Swami was now filled with renewed confidence. He quickly learned all the manthrams, sasthras and tanthras from Devi. He was aiso taught religious rites, spiritual doctrines and prathistha dharmas. As and when called for, he would receive salient spiritual instructions from Devi. He was thus ordained by Devi to prepare for the service and welfare of all humanity. This divine process of indoctrination continued for almost 4 years and prepared Swami to sacrifice his life for the peace and happiness of the human race.
We ail know the importance of a teacher as a guru. It has been said, the word guru means the one who leads to light and awareness, away from darkness. If we are headed to a destination, we take the help of a signboard or maps and follow directions. Similarly, in our spiritual lives, the guru plays a very significant role. Without his blessings and grace, it is impossible for an ordinary mortal to attain divine grace. It is for this reason that since ancient times, the gurukulam has been given paramount importance.
This divine sloka (axiom) explains the essence of Guru mahima, i.e., the grace of the guru.
One who dispels the darkness surrounding the activity of creation, one who dispels the darkness surrounding the activity of maintenance, one who dispels the darkness surrounding the activity of distruction is the one who is The All Supreme Indweller, the Spectator. May he be worshipped.
With these stepping stones, we ascend ever so slowly up the ladder that takes us to life's ultimate goal — Self Realization, to enjoy eternal bliss.
When we enter into this world as a child, our mother becomes our first teacher. As an infant, mother is everything for us, and her instruction is gospel. With absolute faith in her, we are introduced to the father and slowly start learning and obeying him. Thus, parents become the first real teachers for us in our childhood. We are then exposed to the outside world. We go to school to learn more about this great, big world created by the Almighty. The teacher in the school starts guiding us and imparts worldly knowledge. The so-called modern schools of learning, however, do not really help us uplift our ethics and morals and in shaping our character.
As we grow up to be an adult, we begin to feel that we are in the midst of an ocean of misery. We encounter enormous problems that at times seem hopelessly insurmountable. Very few of us that are fortunate find ways to tackle day-to-day problems of life successfully. Academic degrees and bookish knowledge are of little use to us when faced with life crises. At such times, we feel the need for a guru, someone who can show us the way to mental peace. We then search for a guru who is attuned to our line of thinking, our wavelength. In course of time, we obey the guru, follow his instructions and eventually become his disciple. We are thus enriched spiritually while leading a life of self-discipline, concentration and meditation inter-twined with our daily activities.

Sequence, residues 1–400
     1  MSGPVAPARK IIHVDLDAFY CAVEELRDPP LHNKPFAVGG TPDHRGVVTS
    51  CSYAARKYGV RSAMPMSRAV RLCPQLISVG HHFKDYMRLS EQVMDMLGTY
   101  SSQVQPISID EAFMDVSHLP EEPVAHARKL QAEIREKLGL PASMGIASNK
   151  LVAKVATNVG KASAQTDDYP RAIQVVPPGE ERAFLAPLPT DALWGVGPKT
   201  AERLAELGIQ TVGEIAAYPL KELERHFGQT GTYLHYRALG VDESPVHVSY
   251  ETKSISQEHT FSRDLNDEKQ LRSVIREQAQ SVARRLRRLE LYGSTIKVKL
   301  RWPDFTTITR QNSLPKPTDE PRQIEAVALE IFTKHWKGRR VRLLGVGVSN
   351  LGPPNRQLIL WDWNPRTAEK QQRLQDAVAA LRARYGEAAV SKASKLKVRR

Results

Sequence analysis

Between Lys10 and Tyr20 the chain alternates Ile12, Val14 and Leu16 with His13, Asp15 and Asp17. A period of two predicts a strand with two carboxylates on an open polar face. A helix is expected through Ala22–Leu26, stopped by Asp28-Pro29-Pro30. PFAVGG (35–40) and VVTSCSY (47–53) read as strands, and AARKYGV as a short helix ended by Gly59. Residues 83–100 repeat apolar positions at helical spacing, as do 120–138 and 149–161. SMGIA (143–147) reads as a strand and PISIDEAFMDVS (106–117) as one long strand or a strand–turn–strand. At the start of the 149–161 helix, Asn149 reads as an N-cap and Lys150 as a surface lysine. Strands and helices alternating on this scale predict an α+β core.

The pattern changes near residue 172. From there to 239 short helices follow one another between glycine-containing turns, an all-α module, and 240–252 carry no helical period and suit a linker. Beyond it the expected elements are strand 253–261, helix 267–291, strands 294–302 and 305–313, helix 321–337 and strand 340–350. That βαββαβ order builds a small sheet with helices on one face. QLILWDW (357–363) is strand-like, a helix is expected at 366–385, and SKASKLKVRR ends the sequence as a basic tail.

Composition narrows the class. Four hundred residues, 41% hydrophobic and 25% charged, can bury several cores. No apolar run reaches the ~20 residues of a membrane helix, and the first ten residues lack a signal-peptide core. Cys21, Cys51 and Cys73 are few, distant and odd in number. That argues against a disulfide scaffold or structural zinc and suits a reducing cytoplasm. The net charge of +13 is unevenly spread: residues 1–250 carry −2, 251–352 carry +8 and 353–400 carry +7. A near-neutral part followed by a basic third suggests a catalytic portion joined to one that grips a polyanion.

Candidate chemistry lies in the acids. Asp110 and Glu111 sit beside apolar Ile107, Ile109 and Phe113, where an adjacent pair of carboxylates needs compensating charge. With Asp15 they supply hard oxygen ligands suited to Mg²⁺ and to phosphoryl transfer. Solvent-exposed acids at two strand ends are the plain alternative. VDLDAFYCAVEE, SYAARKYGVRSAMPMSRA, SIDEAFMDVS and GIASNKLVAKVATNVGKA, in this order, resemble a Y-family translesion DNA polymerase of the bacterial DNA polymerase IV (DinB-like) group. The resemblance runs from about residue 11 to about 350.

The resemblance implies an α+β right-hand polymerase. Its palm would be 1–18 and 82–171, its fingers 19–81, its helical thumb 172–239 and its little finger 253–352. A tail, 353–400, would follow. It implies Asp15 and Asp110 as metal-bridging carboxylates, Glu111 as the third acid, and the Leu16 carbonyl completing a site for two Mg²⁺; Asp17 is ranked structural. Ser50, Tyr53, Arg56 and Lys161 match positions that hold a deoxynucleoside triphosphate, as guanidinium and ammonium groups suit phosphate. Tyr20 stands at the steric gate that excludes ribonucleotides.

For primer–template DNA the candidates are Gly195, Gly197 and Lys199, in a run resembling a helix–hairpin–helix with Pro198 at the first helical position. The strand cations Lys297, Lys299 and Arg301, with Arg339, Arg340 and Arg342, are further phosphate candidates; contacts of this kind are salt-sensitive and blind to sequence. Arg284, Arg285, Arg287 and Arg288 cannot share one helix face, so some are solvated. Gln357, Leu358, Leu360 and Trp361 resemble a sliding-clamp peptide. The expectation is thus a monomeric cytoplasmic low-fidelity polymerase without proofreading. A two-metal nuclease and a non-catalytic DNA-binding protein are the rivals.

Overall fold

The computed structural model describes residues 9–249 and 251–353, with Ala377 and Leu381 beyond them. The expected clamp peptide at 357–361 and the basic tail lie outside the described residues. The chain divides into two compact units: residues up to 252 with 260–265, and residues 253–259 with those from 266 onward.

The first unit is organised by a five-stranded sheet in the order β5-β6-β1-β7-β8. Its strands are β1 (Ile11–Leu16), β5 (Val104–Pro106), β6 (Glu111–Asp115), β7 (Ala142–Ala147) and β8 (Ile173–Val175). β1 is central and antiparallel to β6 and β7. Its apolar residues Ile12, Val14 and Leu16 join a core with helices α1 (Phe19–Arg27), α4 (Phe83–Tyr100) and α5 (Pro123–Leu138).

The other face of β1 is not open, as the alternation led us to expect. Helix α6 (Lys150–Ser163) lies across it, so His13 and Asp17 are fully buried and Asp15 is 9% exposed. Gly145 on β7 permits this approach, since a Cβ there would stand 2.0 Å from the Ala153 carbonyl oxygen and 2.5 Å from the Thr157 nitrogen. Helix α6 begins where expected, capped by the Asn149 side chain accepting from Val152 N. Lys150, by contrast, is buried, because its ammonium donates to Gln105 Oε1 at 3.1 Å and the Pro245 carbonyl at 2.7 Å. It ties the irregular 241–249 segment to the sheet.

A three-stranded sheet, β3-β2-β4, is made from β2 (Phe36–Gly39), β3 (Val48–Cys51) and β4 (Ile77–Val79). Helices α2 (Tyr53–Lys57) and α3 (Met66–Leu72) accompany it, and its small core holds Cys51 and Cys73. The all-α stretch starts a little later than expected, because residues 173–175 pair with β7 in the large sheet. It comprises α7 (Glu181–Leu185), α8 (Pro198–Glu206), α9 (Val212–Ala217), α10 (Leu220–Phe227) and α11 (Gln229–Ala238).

Many holy saints and sages like Ramakrishna Paramahansa, Ramana Maharshi, Shirdi Sai Baba, Swami Vivekananda, Sathya Sai Baba, and Matha Amrithanandamayi among others have come to this world as Gurus to lead humankind to everlasting peace and happiness.
Thus, absolute faith (what I mean is hundred percent faith, not even a fraction less) and devotion to one's guru will certainly lead you to achieve the desirable results at any time. But one should exercise caution and judgment in choosing the right guru who can lead us to the ultimate, constantly checking on our progress down the road of self enquiry, and hopefully to finally understand the divinity within us.
At this point, I would like to point out the subtle difference between guru and Sadguru. Guru is one who is still on the way to self realization, practicing strict penance and self discipline. In this endeavour, he takes his disciples along with him. On the other hand, Sadguru is the enlightened one, one who has already merged himself with the supreme. He is God incarnate. Sadgurus are true sanyasis who adhere to the strict penance of Brahmacharya and renunciation. They are in eternal union with God, and attain samadhi after their last mortal breath.